Are California Winemakers Cutting Their Own Throats?

In my Tuesday post, I listed a variety of obstacles to wine evaluation mostly having to do with the inherent unreliability of our flavor sensors and the difficulty in describing flavors.

We can add to those difficulties new wine-making practices as well. According to Steve Heimoff, wine critic for the Wine Enthusiast:

The fact is, California red wines are becoming more and more alike, across varieties. This is particularly true at the high price end (which is what I was tasting at Napa Vintners), because the alcohol levels tend to be higher (even with the Pinots), because the wines tend to be more extracted (by virtue of all the magic tricks vintners can apply) and because the quantity and quality of new, mainly French oak tends to be greater. Alcohol, extract and new oak: these mask inherent varietal character and push the wines toward one central point of richness and body.

Steve was lamenting the fact that even someone with his considerable experience has difficulty in blind tastings distinguishing the variety of grape used to make wine. Stories like this make me feel much better about my own feeble attempts at blind tasting.

There is some debate about whether wines from the past and from other regions, especially France, have more distinct varietal character. But if the hypothesis in the quoted passage is true, the stakes are higher than the fortunes of a few blind tasters. If California wines are converging toward a “central point of richness and body” why purchase one wine rather than another? If high-end wines all taste the same, they will compete only on price, which will drive prices down while making consumption much less interesting.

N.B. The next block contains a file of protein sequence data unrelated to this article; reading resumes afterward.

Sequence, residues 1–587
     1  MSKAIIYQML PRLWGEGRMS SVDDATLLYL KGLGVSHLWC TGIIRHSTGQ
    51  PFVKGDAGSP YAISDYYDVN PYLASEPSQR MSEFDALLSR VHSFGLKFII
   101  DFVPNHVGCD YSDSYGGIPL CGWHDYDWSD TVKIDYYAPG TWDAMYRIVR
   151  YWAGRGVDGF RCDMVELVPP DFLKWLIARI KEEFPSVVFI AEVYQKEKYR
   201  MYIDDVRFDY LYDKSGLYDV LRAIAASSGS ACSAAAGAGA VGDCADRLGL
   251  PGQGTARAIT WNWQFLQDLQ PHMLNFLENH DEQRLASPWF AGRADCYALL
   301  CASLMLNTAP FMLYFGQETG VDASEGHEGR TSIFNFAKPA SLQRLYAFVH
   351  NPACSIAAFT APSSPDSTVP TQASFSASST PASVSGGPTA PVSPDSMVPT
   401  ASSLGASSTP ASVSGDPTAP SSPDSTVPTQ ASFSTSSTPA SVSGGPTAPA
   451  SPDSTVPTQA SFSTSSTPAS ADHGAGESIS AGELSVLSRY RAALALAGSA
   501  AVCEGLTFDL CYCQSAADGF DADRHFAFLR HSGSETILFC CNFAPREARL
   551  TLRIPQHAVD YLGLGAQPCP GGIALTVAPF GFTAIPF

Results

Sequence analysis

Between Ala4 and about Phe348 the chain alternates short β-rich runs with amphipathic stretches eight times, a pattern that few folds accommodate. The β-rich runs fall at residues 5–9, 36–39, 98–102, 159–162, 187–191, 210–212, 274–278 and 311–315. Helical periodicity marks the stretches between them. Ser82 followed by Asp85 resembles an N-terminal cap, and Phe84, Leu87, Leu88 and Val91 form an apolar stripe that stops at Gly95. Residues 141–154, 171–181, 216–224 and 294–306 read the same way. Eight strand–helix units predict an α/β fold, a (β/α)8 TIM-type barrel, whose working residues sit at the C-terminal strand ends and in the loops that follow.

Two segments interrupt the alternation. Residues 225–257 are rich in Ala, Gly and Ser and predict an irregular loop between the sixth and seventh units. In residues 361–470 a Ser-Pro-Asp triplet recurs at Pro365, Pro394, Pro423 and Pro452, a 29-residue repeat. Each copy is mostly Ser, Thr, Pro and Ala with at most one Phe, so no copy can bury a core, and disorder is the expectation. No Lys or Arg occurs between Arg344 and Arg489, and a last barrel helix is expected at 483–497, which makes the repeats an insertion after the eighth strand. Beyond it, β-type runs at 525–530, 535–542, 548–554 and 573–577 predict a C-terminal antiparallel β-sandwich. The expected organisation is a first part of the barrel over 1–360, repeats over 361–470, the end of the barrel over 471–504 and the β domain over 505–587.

Furthermore, if wine-making techniques obscure varietal character, they are likely to make it harder to detect characteristics of terroir as well, meaning high-end wines will be as generic as the “crowd-pleasers”.

I too have noticed this trend toward a single flavor profile, especially regarding wines coming out of Napa.

One thing that makes wine interesting is variety. A single grape species—vitis vinifera—can produce a seemingly endless variety of flavors and textures influenced by sub-species, geographical location, climate, and the creativity of wine-makers.

If the zeal to maximize power and richness of flavor compromise variety, wine will become less interesting as a form of expression. It will still get you drunk but less efficiently than a $5 bottle of vodka.

That will not be good for the California wine industry.

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